ST. LOUIS — Gov. Matt Blunt is scaling back his latest proposal to finance a university construction boom with the proceeds of Missouri’s student loan agency.
Blunt spokesman Spence Jackson said Wednesday that the $450 million plan outlined just a few days ago will be trimmed to $350 million — a move intended to further ensure the financial stability and support of the Missouri Higher Education Loan Authority.
Under the proposed agreement, the quasi-governmental student loan agency would transfer $350 million to the Missouri Department of Economic Development during the next six years. That money then would be passed on to colleges and universities.
A cooperative agreement dated Monday also called for MOHELA to transfer an additional $100 million to the state, as long as MOHELA determined the payments would not harm the services and benefits it provides to Missouri students and residents.
That final $100 million payment is being dropped from the agreement, Jackson said.
“This will give MOHELA one less payment to worry about,” he said, and thus one more reason for its governing board to approve the plan.
The agreement also will be amended to specifically list the dozens of campus construction projects that would be funded through the MOHELA proceeds, Jackson said.
Blunt’s “Lewis and Clark Discovery Initiative” has been in flux since he outlined it in January. The amount of MOHELA’s assets to be sold has declined. And the variety of initiatives the money would fund also has been whittled down from what was being considered during the legislative session.
Additionally, the method of transferring the money to the state has changed since January — from a straight payment to one now contingent upon the state’s promise to provide MOHELA 11 years of tax-free bonds to continue underwriting student loans.
That pledge would come from the Department of Economic Development, and MOHELA would make its payments to the department’s Missouri Development Finance Board, which would distribute the money to higher education institutions.
The agreement allots $335 million for construction and equipment improvements at universities and colleges and $15 million to an endowment that would help commercialize university research. The agreement contained no specific plans for spending the final $100 million payment or any specific timetable for MOHELA to make it.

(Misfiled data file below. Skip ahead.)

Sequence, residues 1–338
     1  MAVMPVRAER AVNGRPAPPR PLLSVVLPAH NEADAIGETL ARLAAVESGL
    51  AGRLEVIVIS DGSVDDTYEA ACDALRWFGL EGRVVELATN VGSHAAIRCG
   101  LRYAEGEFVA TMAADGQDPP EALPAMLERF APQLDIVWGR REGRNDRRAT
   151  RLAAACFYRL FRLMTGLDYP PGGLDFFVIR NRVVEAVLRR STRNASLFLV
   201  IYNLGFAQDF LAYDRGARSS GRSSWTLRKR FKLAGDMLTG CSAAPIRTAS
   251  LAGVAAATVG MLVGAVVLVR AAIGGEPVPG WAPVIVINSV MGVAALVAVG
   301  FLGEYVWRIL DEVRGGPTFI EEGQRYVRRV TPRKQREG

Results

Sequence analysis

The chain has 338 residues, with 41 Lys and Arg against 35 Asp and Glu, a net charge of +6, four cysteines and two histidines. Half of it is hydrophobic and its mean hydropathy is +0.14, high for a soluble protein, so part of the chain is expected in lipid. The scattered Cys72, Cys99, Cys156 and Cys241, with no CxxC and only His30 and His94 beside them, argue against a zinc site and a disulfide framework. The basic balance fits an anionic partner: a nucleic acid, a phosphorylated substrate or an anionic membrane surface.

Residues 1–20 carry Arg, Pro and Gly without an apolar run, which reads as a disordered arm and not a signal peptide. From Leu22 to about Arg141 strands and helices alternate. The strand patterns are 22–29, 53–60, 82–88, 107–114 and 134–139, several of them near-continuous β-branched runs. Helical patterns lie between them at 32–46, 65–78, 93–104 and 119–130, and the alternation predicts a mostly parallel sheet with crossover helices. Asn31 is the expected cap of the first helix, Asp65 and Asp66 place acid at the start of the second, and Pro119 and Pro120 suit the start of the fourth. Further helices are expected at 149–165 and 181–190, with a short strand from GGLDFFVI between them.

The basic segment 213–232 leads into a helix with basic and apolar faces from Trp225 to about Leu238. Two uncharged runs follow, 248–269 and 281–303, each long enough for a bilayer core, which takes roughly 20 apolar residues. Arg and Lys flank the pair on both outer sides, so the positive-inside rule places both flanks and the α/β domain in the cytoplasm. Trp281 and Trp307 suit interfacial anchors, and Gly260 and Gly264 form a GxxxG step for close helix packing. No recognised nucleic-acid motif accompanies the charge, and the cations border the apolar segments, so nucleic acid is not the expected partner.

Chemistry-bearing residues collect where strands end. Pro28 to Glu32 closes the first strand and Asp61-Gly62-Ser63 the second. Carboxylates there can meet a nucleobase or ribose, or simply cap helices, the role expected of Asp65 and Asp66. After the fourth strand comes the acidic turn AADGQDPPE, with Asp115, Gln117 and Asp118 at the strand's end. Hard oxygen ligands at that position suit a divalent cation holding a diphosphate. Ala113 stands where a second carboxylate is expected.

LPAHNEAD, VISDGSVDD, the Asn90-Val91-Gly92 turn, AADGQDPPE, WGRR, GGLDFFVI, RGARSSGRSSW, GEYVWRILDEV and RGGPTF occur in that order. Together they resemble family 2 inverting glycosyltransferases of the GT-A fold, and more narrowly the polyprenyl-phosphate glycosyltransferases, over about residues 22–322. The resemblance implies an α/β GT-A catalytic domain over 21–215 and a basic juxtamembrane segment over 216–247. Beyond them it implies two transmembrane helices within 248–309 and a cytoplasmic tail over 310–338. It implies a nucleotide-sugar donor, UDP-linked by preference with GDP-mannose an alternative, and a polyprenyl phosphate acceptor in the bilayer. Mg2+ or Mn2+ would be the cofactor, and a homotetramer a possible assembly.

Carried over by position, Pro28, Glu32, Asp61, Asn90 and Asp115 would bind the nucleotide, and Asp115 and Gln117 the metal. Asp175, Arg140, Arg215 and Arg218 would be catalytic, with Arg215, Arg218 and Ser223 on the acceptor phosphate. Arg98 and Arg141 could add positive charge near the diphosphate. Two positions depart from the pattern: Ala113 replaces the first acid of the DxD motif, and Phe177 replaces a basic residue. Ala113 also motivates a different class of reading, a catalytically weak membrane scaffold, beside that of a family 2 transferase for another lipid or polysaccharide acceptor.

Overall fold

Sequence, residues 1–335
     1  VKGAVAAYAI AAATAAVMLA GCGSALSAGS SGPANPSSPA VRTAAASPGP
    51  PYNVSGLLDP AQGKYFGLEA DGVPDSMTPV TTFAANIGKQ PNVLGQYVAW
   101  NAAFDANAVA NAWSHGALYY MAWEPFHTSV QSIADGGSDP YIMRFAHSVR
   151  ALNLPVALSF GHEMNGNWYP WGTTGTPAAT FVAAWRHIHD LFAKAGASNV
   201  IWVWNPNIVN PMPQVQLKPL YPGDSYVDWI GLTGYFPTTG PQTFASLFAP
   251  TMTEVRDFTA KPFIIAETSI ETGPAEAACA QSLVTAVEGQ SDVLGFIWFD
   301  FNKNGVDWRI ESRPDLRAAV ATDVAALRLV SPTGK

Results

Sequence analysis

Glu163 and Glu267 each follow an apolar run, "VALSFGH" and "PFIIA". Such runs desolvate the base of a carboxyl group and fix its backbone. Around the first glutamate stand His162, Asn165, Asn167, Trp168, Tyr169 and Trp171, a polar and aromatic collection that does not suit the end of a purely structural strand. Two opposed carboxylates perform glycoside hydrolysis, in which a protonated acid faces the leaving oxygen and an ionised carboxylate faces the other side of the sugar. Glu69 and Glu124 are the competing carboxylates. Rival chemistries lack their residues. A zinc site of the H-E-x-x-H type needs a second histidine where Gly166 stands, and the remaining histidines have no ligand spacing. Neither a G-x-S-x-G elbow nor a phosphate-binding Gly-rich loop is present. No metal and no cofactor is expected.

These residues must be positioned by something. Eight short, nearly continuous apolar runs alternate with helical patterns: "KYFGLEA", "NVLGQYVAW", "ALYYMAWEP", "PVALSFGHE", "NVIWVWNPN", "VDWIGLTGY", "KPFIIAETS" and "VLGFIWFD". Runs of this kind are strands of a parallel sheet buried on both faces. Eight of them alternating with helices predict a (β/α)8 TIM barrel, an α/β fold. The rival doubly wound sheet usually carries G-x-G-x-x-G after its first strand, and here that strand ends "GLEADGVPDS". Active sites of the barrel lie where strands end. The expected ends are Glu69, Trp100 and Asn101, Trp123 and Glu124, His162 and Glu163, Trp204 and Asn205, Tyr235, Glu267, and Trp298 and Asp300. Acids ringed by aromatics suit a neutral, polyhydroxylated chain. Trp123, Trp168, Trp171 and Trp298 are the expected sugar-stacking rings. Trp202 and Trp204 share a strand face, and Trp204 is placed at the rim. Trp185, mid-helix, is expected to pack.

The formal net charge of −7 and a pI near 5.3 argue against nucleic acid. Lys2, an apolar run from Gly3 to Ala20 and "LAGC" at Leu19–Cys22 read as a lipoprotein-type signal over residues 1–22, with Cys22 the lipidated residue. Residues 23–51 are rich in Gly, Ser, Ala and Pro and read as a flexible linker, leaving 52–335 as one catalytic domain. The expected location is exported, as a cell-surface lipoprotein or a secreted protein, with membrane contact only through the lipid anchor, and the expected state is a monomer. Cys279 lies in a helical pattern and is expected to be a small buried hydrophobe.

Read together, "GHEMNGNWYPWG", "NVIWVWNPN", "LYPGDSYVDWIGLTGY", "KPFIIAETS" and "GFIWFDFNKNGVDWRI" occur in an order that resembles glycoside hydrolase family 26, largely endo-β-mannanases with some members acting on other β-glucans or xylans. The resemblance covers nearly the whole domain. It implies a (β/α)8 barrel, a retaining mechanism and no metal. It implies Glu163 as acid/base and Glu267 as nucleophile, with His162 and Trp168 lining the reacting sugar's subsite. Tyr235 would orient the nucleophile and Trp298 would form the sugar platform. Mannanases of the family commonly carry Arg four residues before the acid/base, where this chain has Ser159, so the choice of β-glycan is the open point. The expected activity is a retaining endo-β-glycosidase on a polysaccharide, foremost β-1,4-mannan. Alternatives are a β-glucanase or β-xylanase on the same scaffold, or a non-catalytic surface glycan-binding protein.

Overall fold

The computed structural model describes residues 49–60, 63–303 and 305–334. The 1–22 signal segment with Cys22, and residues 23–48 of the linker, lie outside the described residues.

“Instead of leaving $100 million in limbo or putting extra pressure on MOHELA to find a way to generate that $100 million whenever we didn’t have specific uses for it spelled out, it was better to drop that out of the package,” said Mike Mills, the deputy director of the Department of Economic Development.
Plus, “it allows them less pressure on their solvency,” Mills said.
The executive director of MOHELA, Raymond Bayer Jr., said Wednesday that there had been some concerns from people outside his agency about the lack of details for how the $100 million would be generated and spent. But Bayer said MOHELA had no concerns that the additional $100 million payment would have threatened its financial security.
As of the end of June, MOHELA owned about $5.2 billion in loan principal — about 45 percent of which involved Missouri students or residents. A portion of those loans would be sold to generate the money for the state.
While the Republican governor’s administration sought to weed out potentially objectionable provisions of the agreement, some Democrats continued to criticize it Wednesday.
State Auditor Claire McCaskill added her disapproval to the previously expressed concerns of Attorney General Jay Nixon and some Democratic legislators.
McCaskill expressed concerns about the proposed pledge to not only provide MOHELA $130 million of bonding authority this year, but to commit at least $100 million in bonding authority for each of the next 10 years. The Economic Development department has not previously entered into such long-term agreements.
“They are proposing to commit future administrations,” McCaskill said. “That’s unprecedented. I don’t believe Governor Blunt has the authority to commit future administrations.”
As drafted, the plan would not need any legislative approval — a point with which McCaskill also took issue.
Some of the university building projects are sorely needed, she said, “but just because there’s a need doesn’t mean you get to circumvent a democracy. This is an end run that is not healthy for the process of spending public money.”